Tuesday, September 26, 2006

Today's Law Students; Tomorrow's Lawyers-Who-Can't-Do-Math

In Prof. Jim Chen's recent post The Hypothesis Factory he makes the following observation about contemporary legal scholars:
...most legal academics are simply not capable of "regularly producing and working with 'mathematically rigorous proofs and large-scale statistical evidence.'" But we do enjoy a comparative advantage in generating hypotheses. The historic proliferation of abstract theories in legal scholarship suggests as much.
Long before I even got to law school I lost track of the number of times I was asked, "you're going to law school, don't you study biology?!?" Perhaps I was a little ahead of my peers by jumping on the interdisciplinary bandwagon and by having faith that I did in fact learns skills in my labs that would serve me well outside the context of science class. My instincts were correct, but I do find it troubling that I'm able to add value simply by not being afraid of reading a scientific paper.

If I may throw another hypothesis out there, I can't help but think that the culture of higher education may be to blame for the dearth of analytical skills in the legal academia community. Whether it be the naive belief that one should study government in college as preparation for law school, universities who offer "less rigorous" math and science classes for non-majors to fulfill their science requirements, the students who avoid any course that might put a blemish on their transcript in anticipation of grad school applications, or the misconception that excelling in the humanities and sciences are mutually exclusive; the result is that students become so far removed from the scientific method that a procedure first introduced to them in grade school may as well be a foreign language. It still amazes me how many bright people I encounter who assume reaching a numerical answer, let alone explaining it's significance, requires crossing an insurmountable hurdle. As far as I'm concerned it's all psychosomatic. Anyone good enough at logical reasoning to score well on the LSAT should be able to come up with a way to test the hypotheses he generates.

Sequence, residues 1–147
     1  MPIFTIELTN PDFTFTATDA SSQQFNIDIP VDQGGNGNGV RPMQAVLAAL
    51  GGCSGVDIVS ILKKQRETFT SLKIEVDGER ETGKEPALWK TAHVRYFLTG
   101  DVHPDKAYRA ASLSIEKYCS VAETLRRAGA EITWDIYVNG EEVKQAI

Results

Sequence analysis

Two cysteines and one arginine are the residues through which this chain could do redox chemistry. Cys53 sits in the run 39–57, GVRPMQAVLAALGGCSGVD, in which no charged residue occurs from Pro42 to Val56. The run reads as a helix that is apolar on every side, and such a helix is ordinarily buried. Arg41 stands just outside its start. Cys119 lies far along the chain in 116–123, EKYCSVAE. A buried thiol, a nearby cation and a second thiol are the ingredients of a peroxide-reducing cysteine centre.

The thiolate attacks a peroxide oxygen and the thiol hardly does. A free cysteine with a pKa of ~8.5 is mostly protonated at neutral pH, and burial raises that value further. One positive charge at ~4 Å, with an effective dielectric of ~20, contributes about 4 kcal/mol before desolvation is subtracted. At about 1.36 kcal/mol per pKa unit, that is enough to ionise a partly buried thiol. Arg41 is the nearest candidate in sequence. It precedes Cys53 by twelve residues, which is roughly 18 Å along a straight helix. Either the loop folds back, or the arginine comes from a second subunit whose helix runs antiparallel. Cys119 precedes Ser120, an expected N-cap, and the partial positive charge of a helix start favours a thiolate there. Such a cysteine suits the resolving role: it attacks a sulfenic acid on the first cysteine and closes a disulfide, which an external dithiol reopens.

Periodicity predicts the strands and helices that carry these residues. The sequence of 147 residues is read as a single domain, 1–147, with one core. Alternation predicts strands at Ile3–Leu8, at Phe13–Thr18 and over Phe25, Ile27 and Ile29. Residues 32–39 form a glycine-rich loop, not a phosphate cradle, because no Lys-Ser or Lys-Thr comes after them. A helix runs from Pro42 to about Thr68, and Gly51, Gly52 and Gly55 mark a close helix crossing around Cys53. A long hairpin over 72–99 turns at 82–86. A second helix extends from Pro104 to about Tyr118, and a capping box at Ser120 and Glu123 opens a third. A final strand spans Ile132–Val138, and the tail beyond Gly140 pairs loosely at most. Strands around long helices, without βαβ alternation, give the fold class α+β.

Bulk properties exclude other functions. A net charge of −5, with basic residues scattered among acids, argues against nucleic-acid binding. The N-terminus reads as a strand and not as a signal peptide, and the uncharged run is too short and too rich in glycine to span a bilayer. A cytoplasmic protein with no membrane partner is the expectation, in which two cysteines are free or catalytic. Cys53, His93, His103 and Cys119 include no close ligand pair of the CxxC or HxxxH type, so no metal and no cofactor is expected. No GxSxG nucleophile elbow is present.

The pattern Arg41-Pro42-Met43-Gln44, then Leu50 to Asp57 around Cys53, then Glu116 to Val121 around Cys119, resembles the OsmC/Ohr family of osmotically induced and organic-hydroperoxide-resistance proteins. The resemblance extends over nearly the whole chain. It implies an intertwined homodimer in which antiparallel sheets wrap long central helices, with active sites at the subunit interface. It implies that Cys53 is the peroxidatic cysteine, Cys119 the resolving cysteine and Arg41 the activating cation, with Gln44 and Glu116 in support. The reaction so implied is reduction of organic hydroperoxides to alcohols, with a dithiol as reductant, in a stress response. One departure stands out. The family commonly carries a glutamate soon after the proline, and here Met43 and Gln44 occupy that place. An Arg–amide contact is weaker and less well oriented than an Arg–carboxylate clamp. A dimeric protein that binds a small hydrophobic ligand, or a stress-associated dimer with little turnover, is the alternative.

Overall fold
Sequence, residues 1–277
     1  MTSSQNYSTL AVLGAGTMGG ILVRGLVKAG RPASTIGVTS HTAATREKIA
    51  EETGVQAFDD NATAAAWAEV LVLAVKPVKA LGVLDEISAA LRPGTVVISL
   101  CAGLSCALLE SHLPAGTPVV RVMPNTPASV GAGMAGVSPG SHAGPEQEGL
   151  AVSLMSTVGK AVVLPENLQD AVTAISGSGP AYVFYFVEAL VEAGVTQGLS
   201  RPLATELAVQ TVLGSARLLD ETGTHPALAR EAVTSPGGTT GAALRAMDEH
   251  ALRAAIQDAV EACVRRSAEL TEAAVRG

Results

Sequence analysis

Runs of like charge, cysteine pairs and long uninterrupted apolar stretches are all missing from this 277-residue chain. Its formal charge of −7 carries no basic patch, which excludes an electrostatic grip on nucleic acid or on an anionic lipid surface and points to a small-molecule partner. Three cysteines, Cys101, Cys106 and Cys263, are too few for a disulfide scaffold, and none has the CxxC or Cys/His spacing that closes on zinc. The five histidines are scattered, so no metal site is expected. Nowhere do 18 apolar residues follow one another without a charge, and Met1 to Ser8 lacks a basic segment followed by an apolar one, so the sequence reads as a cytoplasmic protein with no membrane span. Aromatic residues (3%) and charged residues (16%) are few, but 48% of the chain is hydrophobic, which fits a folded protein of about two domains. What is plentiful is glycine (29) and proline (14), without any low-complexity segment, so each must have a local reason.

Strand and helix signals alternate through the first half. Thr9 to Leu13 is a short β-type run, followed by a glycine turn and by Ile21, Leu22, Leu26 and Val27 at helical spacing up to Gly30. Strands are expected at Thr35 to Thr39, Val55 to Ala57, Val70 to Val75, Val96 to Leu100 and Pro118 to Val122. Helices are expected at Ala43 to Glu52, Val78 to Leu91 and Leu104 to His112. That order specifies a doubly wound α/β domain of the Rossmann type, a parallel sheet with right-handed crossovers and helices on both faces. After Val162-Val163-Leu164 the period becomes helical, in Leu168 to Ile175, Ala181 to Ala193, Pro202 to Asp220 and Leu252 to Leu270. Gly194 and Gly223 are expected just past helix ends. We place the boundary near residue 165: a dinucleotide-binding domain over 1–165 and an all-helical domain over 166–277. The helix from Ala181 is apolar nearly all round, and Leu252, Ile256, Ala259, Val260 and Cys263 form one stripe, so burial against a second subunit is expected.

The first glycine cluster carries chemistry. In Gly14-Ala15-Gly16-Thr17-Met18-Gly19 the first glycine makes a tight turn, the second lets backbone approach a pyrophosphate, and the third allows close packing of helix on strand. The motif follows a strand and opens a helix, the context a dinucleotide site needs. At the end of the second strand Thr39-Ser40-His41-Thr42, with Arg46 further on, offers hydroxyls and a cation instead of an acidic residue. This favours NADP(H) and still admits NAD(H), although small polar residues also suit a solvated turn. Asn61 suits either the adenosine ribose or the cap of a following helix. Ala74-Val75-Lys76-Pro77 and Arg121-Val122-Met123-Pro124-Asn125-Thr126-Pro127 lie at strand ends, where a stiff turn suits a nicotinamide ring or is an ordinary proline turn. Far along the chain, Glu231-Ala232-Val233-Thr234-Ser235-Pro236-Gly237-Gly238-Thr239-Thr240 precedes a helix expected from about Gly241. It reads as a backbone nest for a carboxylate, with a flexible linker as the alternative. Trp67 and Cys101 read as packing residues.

Shortly after reading Prof. Chen's post I came across this article discussing a report which found that it is the way in which young American students are taught science that explains why they continue to lag behind their international peers. The article in part blames,
an overstuffed curricula taught by teachers who don't thoroughly understand the subject matter. Students are also stymied by "repeated, shallow coverage" that fails to give them a conceptual understanding of what it means to do science.
Perhaps the root of the problem actually lies even earlier in the educational process. Regardless, I do think law students needed to be reminded that science is merely a process, and there is no reason why they can’t master that too.


Anonymous Frankenstein said...

Right before we started the accounting module in my Corporations class, the professor asked how many people in the room came to law school because they thought they'd never do any math ever again.

Half the room raised their hand.

9/30/2006 7:36 PM  

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